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The B SIDES: Needlepoint Samplers

Historic Arkansas Museum - Thursday, March 29, 2018


This post is part of an occasional series where the Historic Arkansas Museum shares works that didn’t make it to the “A-side” of our exhibitions or collection catalogues. 

So much work goes into planning an exhibit, even the smallest ones. A building contractor once told us that the little custom jobs surprisingly take him just as much time—even more—as the large commercial projects, because of the careful thought and the many decisions that go into the meticulous work of fine tuning.

One of the hardest parts of planning our needlepoint sampler exhibit was deciding just which samplers to choose from our historic textile collection. For museum professionals who have spent their entire careers going out and collecting each and every precious acquisition, this selection process can feel as painful as having to choose a favorite child.

We had too many wonderful historic samplers to choose from. Some we liked for their whimsical, original design motifs, while others represented a widespread design trend that told a bigger story. Some works we revered for their exquisite workmanship, while others had incredible American historical significance.

Thank goodness we have a way to share with you the runners-up samplers that, for whatever reason did not quite make it to the gallery walls. Perhaps they were too fragile to show; we needed more time to research, or, in the case of a few, they were so amazing that we saved them for the limelight of a larger exhibit. We hope you enjoy a few of these equally loved, long lost “siblings” of “These Various Threads I Drew.”

Mary Eliza Wardlaw

 

The inscription at the bottom-center reads:

Honor thy Fath- / er and thy Mother / Mary Eliza Wardlaw / aged 11 years / May 1862.

Mary Carlton Stowers

 

The verse inscribed on this sampler reads:

Remember the Sabbath day to keep a holy six
Days shalt thou labour and do all thy work, but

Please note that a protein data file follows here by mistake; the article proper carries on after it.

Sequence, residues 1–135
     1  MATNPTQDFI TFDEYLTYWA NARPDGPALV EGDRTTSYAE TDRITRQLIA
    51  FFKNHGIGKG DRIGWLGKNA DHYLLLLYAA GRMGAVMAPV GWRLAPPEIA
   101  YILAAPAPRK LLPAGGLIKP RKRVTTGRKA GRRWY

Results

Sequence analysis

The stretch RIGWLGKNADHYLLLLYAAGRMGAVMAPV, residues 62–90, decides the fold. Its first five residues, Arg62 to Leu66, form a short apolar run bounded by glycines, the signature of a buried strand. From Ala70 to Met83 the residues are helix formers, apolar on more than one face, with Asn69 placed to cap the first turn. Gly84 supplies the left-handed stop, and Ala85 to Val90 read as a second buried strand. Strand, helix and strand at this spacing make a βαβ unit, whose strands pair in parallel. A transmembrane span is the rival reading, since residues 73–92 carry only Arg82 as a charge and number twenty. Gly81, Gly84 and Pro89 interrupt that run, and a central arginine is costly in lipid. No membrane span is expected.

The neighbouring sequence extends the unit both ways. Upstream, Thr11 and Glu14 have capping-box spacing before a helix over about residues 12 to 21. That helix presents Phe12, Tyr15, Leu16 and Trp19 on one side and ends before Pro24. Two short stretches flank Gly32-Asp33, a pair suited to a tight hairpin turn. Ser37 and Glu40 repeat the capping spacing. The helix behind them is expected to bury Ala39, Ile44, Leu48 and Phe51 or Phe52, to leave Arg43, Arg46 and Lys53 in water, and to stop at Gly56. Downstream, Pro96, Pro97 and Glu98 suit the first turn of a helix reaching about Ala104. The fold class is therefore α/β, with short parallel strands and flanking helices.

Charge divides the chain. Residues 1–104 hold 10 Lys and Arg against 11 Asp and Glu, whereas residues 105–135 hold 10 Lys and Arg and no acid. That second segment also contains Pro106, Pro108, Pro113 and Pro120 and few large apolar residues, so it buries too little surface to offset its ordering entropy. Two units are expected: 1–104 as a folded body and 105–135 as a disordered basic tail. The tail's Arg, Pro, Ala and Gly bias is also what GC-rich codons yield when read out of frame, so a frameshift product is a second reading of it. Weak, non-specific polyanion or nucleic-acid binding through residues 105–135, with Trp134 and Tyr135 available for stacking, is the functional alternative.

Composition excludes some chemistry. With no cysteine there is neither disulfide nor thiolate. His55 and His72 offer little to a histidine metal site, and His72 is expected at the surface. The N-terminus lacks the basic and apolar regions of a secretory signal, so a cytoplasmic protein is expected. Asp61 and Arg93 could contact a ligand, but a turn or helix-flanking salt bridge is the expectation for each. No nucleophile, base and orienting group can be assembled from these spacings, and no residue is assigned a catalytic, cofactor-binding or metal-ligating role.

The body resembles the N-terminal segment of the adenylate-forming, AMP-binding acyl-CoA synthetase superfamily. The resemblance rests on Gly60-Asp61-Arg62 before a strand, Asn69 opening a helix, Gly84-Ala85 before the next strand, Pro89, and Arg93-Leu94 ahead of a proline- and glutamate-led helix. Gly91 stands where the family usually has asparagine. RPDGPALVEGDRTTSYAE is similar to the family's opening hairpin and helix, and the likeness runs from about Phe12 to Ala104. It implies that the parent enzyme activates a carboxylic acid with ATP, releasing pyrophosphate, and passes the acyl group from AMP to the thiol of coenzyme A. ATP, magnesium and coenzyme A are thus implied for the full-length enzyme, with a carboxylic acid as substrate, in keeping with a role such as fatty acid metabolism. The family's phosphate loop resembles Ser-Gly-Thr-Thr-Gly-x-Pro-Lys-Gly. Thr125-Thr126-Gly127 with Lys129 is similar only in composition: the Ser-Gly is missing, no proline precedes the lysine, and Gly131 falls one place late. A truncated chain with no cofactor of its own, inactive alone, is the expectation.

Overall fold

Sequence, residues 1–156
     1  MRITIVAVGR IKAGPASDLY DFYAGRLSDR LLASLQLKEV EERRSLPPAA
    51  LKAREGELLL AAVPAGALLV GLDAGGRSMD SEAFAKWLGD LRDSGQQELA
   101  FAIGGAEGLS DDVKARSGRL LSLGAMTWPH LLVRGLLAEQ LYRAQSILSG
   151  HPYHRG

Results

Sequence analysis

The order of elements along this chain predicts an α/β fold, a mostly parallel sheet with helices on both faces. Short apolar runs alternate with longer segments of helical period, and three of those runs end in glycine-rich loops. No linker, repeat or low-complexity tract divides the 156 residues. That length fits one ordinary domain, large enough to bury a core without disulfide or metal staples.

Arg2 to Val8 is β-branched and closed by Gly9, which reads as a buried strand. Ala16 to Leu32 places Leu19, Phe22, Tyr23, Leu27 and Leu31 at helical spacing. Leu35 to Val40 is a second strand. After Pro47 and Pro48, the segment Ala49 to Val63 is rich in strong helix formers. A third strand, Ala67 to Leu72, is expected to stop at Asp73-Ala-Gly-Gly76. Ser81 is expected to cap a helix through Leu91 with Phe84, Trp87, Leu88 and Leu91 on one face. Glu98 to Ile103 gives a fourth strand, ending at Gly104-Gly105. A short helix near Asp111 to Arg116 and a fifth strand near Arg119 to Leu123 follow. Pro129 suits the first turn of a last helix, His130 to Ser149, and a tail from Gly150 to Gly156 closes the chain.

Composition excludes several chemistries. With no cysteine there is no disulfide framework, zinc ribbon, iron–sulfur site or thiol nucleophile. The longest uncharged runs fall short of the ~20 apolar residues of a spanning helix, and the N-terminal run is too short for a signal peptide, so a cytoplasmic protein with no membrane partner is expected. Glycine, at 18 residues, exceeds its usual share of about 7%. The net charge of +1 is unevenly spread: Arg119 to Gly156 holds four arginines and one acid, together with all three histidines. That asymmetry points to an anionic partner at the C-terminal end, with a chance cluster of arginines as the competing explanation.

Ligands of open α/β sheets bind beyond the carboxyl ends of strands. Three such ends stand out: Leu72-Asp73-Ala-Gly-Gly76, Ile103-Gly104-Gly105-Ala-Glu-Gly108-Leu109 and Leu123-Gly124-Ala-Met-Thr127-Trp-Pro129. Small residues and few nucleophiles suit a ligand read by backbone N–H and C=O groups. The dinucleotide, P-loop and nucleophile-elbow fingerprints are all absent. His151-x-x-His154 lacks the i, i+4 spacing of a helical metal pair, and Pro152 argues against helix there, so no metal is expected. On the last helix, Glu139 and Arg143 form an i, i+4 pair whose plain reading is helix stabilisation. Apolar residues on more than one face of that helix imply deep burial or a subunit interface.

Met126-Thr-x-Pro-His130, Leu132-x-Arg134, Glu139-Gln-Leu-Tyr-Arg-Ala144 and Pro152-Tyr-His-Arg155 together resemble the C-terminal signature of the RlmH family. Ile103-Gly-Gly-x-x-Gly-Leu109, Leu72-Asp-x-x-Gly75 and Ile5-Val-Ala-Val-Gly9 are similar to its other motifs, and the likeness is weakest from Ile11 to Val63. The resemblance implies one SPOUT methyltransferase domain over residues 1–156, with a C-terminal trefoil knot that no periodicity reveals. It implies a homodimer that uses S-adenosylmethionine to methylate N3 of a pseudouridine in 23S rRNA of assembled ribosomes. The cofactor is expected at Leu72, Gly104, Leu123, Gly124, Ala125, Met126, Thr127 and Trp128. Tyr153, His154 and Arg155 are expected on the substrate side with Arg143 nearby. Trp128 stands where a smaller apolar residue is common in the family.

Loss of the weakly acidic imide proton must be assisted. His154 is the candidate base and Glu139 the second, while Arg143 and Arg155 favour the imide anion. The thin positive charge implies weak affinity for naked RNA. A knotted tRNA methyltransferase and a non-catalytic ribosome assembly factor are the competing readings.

The seventh day is the Sabbath of the Lord
Thy God, in it thou shall not do any work thou
Not thy son, nor thy daughter, they man servant,
Nor thy maid servant, thy cattle, nor strangers
Within thy gates for in six days God made the
Heaven and earth, the sea, all that in them is
& rested the seventh day wherefore the Lord
Blessed the Sabbath day and hallowed it.

Emily Carter


Emily Carter’s rather plain marking sampler is dated June 22, 1900, making it one of the youngest samplers in the museum’s collection. Executed in cross stitch using cotton floss on an open-weave cotton fabric, it represents the end of needlework samplers as tools for women’s education and literacy. The production of needlework samplers waned in the 20th and 21st centuries as a woman’s ability to execute fine needlework became less important, but samplers are experiencing a resurgence of interest as folksy decorations and nostalgic craft activities.

Emily Carter’s sampler is bound by a simple border and features an uppercase and lowercase alphabet, the numbers one through ten (instead of zero through nine on most earlier samplers), and a variety of geometric motifs used to separate the lines of cross-stitch letters. Unlike other samplers in the museum’s collection which primarily used an English cross-stitch method, Emily Carter mixed both the English and Danish methods. Emily was 13 years old when she completed this sampler. While a number of girls named Emily Carter were born around 1887 and can be found in US Census records, it is impossible to know without more specific background information which Emily Carter stitched this sampler.

"These Various Threads I Drew: Needlework Samplers" is in the Study Gallery through June 2018.